An ex got me into The National, actually (wishin’ you nothing but the best, C). I vaguely knew of them but hadn’t dived in until then; their band name made them blend into miscellaneous sad-boy rock in my head. I used to teach in-home piano lessons and had a lot of time driving from house to house, so I’d pick up CDs and audiobooks from the library – Trouble Will Find Me was one of those. I have bands for all my feelings and The National is great for a numb sulk. The songwriting is impeccable, Matt Behringer’s voice is equal parts miserable and pacifying and that’s really what I look for in singing. Getting into The National helped my songwriting by showing me how beautiful simple, well executed ideas could be. Being a classically trained pianist, I erroneously looked down on structurally simple music earlier on. I’ve tried to go the other direction though, which I’m hoping comes through on the upcoming album. Trouble Will Find Me and Sad Songs For Dirty Lovers are tied as far as favoruite The National album goes, but I think I’ve listened to Trouble more overall. The lyrics are a little more cutting, they’re a little more polished. Top tracks: ‘This Is The Last Time’ (the coda gets me every time) and ‘Don’t Swallow The Cap’ (the entire thing is a bit stream of consciousness, it’s almost like a conversation you get sucked into).
Ex:re – Ex:re
A musician friend of mine, Brett Gleason, turned me on to Ex:re a couple years ago when this album first came out. It’s fantastically beautiful, heartbreaking, and intimate. For what it’s worth: the rest of the songs on this list I’ve known about for years and years, this one is the only new addition that makes the cut. Albums get tied to different times for me – re-listening to Ex:re makes me think of living in New York, crying about one thing while listening to Elena Tonra cry about something else. It’s more of a “stick around and face your problems” album than an “escape” album, which suits me better now than it might have a few years ago. Each of the songs is so well-crafted lyrically, and often touch upon difficult topics. ‘Romance’, for example, I believe is about assault and the aftermath of living with it in our society. It’s an unfortunately relatable topic for many, but not one often given that treatment in music which is frustrating. It’s refreshing to hear a song about love and betrayal from such a difficult perspective, it’s an achievement to be able to relay that. Favourite tracks: ‘The Dazzler’ (a languid, sharp-tongued dream), and the aforementioned ‘Romance’ (but only if you’re ready to be emotionally devastated).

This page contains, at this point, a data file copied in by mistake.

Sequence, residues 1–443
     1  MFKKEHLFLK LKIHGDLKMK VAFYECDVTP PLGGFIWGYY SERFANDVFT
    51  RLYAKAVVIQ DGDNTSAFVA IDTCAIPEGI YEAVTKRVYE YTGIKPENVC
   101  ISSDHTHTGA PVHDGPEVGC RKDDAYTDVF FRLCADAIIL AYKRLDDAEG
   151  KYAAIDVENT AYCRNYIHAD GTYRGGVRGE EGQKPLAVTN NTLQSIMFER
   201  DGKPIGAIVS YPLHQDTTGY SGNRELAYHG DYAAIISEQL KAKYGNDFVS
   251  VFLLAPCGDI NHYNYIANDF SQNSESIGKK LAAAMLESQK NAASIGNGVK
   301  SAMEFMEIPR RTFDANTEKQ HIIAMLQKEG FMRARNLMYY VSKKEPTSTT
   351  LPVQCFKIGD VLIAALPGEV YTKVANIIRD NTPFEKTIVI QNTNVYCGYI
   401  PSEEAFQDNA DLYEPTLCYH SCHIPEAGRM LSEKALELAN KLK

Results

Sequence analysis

Massive thanks to Siv Disa for sharing her Five Favourites with us! Watch her brand new video for ‘Music In The Streets’ below:
Dreamhouse, the debut album from Siv Disa, is set for release this Autumn via Trapped Animal Records.